Eastown Theatre Latest Demolished Detroit Building


My first visit to the Eastown Theatre harkens back in 2011, while the building was already long abandoned (you can read all about its history at detroiturbex.com). It had even seen a fire on one side of the building years ago, yet it still stood. It continued to stand until the winter of 2013 when the roof caved in from the weight of the heavy buildup of snow accumulated that winter (and scrapping probably didn’t help the stability of the roof either).

Yet, people still came. They still wanted to see the theatre, as there were not many theatres easily accessible in the city. The Grandy and Vanity had both been sealed up and were a challenge to get in to, not to mention the National Theatre and United Artists Theatre which are heavily secure (and I have yet to have seen them, while others have found a small window of opportunity and had gained access). I have found over the years of urban exploring that most of it is just good timing. And patience. Lots of patience.

So, we say good-bye to one more historical building in the city of Detroit. It’s not to say that it isn’t ready to go, as it was mainly just a shell of its former self. But, I still experience sadness when I see a bit of Detroit’s history disappear into the ethers of time.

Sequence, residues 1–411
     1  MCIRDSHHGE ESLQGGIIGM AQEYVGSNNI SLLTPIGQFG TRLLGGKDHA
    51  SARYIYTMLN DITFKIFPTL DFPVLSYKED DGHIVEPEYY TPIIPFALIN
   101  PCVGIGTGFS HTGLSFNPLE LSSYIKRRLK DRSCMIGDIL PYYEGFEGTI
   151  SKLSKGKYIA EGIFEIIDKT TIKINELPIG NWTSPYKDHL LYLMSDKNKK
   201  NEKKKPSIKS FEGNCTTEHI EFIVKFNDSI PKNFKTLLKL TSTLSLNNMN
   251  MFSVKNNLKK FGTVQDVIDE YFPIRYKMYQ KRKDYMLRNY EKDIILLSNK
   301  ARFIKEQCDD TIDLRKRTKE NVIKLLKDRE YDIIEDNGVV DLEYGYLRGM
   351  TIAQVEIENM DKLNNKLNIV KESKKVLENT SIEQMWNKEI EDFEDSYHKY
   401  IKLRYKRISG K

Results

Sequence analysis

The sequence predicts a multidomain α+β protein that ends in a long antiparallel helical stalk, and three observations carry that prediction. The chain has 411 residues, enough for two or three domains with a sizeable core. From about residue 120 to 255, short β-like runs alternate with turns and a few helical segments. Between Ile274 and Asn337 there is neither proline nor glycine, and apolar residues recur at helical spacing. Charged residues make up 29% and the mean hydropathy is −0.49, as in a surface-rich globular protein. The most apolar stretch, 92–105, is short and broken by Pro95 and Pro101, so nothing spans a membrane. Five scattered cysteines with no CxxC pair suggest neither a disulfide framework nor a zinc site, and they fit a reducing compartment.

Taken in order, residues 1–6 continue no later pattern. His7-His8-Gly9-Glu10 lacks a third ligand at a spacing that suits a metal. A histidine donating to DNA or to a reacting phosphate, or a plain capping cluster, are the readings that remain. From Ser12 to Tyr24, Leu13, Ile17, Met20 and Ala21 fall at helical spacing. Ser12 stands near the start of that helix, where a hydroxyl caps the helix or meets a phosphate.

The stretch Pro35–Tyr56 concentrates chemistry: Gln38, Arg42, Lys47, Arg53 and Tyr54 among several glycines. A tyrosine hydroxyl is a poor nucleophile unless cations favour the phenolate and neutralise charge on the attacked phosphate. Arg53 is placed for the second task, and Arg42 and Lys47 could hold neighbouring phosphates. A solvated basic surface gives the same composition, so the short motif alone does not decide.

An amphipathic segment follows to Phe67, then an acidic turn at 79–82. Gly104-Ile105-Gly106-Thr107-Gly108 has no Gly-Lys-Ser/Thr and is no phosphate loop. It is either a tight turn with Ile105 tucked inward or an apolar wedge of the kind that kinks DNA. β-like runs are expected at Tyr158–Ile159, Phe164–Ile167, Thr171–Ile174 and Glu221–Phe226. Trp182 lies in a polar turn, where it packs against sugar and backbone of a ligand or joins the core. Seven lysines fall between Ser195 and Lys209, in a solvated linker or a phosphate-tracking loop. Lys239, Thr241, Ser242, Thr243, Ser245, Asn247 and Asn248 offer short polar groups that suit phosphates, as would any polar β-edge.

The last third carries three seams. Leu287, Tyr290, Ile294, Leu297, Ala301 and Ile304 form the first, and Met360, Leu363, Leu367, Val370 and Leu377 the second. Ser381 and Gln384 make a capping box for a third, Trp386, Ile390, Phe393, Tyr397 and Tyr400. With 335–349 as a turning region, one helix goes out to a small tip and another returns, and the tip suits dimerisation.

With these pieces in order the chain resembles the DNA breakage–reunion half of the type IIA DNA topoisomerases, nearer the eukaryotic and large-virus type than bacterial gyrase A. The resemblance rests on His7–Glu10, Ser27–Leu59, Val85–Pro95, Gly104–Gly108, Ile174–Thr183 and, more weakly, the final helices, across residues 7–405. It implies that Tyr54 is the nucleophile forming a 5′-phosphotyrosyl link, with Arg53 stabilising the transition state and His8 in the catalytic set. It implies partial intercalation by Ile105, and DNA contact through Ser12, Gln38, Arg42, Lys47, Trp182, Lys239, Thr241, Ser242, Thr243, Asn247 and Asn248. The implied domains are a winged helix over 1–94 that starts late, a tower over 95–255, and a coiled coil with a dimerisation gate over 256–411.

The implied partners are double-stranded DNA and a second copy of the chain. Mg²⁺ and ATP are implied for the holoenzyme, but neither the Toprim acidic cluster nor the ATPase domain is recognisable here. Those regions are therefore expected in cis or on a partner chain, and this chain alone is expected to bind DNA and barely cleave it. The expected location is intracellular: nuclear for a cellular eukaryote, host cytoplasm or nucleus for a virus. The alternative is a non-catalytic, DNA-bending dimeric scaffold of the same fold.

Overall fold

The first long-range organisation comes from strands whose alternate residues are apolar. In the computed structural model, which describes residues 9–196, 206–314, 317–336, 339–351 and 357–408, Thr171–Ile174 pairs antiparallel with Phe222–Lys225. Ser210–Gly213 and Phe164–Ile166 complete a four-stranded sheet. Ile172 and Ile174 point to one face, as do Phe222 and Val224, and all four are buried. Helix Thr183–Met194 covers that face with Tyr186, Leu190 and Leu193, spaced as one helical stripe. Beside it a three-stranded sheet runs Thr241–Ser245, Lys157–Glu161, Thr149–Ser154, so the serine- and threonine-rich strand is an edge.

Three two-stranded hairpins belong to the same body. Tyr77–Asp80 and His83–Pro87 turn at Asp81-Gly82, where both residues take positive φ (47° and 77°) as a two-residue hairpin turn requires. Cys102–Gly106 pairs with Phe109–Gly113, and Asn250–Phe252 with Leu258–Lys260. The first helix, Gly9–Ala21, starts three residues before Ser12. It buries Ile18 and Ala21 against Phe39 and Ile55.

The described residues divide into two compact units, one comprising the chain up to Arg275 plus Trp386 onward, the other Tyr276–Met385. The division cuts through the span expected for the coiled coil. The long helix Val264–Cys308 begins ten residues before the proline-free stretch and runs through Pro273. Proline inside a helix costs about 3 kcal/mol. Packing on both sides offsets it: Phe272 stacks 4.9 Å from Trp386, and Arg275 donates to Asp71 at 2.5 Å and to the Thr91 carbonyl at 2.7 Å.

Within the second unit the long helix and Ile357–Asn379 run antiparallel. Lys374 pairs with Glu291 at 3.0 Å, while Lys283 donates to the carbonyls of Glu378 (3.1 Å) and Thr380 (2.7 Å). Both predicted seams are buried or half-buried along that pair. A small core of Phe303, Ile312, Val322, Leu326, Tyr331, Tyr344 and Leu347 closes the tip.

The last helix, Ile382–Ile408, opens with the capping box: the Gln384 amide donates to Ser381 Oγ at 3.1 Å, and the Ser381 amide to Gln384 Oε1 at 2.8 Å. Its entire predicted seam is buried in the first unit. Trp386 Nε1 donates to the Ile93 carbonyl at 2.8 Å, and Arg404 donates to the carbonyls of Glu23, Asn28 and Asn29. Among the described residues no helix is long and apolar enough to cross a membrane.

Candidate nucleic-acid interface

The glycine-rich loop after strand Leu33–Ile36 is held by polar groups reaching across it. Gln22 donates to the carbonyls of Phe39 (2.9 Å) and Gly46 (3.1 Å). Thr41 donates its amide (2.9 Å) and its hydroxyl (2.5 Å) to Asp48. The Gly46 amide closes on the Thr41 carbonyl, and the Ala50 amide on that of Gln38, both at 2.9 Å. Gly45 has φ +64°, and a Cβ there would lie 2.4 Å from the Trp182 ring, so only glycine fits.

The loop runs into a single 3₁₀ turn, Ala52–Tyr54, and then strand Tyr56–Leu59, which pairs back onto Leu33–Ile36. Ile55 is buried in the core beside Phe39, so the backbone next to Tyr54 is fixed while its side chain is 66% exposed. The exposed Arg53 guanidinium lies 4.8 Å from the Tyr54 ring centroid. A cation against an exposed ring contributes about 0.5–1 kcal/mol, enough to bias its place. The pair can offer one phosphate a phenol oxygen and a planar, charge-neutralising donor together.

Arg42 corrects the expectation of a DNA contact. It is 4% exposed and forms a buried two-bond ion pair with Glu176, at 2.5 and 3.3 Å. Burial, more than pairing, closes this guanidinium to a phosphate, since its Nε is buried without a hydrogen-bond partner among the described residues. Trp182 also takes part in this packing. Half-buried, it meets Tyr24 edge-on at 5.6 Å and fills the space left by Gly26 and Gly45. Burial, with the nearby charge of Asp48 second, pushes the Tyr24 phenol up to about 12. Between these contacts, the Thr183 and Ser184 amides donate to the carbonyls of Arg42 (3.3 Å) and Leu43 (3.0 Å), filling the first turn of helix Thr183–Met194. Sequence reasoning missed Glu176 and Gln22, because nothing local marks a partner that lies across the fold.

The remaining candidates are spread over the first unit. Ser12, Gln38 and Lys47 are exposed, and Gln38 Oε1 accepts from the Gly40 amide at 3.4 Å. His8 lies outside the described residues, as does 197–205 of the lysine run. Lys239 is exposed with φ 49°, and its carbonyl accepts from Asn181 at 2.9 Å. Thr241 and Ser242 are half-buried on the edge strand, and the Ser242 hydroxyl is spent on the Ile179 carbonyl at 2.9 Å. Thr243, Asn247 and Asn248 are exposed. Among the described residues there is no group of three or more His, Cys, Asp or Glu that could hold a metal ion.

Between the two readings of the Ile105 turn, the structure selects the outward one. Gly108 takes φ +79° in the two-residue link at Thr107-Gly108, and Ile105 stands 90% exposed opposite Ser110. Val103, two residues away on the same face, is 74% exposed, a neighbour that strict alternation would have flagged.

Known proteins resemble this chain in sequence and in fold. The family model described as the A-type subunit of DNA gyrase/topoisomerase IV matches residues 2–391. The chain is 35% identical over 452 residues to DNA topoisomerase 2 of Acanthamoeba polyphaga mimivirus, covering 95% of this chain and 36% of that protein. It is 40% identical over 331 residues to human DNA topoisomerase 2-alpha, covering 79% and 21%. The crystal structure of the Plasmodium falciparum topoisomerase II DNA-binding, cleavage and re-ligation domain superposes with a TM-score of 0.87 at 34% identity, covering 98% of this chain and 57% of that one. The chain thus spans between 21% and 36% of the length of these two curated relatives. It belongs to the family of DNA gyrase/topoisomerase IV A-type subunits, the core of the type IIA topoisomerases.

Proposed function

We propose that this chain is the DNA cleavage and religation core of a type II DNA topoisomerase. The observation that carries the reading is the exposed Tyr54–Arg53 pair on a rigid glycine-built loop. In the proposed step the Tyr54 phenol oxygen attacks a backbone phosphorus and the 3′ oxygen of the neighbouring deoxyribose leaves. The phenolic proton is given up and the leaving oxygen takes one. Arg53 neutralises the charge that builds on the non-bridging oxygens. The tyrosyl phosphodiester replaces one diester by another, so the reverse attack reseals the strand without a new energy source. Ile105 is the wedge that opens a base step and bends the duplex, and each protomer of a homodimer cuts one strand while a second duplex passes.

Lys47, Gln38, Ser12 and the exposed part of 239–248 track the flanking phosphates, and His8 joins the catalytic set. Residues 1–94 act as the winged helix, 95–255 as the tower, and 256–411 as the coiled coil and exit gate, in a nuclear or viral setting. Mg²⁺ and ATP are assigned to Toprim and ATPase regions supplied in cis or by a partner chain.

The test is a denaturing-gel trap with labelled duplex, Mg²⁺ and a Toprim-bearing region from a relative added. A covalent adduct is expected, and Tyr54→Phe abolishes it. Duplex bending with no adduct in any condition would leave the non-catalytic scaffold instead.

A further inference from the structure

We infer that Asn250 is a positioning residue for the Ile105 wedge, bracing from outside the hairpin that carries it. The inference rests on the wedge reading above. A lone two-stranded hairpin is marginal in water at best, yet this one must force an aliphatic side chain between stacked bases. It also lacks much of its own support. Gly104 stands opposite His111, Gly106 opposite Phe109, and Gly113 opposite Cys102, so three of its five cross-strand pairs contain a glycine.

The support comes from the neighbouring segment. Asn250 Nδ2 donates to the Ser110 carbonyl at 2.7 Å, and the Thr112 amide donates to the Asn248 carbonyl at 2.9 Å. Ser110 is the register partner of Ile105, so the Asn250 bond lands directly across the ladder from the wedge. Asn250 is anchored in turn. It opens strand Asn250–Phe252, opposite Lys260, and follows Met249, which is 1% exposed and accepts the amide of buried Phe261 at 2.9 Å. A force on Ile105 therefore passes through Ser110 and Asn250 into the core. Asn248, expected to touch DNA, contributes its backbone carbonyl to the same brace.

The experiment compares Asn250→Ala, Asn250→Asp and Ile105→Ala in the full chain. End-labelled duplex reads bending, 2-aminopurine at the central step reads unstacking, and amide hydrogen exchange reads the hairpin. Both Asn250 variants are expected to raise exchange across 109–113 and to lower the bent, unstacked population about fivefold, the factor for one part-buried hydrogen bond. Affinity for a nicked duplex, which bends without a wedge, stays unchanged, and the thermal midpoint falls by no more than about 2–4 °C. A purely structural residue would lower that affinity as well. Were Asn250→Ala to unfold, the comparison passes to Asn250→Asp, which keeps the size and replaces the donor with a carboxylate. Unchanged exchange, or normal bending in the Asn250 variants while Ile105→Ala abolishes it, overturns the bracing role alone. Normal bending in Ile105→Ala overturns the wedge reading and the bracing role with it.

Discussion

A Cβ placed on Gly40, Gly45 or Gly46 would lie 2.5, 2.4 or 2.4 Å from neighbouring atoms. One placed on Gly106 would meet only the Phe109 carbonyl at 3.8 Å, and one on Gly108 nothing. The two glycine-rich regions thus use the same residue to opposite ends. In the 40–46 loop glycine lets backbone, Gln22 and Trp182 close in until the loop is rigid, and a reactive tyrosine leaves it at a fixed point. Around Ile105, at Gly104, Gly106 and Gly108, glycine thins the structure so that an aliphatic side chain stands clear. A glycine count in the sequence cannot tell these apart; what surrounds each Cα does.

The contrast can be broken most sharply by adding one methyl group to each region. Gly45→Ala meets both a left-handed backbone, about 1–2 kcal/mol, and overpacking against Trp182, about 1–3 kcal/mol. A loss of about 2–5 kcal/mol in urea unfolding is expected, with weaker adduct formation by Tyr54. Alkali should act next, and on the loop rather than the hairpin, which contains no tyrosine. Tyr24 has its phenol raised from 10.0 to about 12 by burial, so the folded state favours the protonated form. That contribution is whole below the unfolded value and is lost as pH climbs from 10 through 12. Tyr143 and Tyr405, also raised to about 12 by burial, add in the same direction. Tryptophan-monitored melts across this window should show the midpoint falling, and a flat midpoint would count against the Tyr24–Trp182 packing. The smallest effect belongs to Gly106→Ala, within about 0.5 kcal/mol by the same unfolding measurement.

Below are images I have captured at the theatre since 2011.


4 thoughts on “Eastown Theatre Latest Demolished Detroit Building

  1. Dana Atnip says:

    Such a shame to lose such a beautiful piece of Detroit’s history, even though it was in such poor condition! At least there are pictures to preserve the memory.

  2. Mark says:

    I agree that it is sad to lose that history, but I suppose keeping buildings like this standing in this condition are a bit of a catch 22 when Detroit is trying to re-invigorate itself. (Especially after the ceiling fell in!). I suppose it makes these photographs even more special now (which are great btw!).

    It is an interesting process to think about – when do you think a building has had its time and ready to move on?

    • Alanna St. Laurent
      Alanna St. Laurent says:

      You are right, this building was beyond help especially once the roof caved in. It was time for it to go, but it still is very sad to lose one more of hundreds of beautiful buildings that have been demolished during Detroit’s history.

      And thank you about your kind words on my photos!

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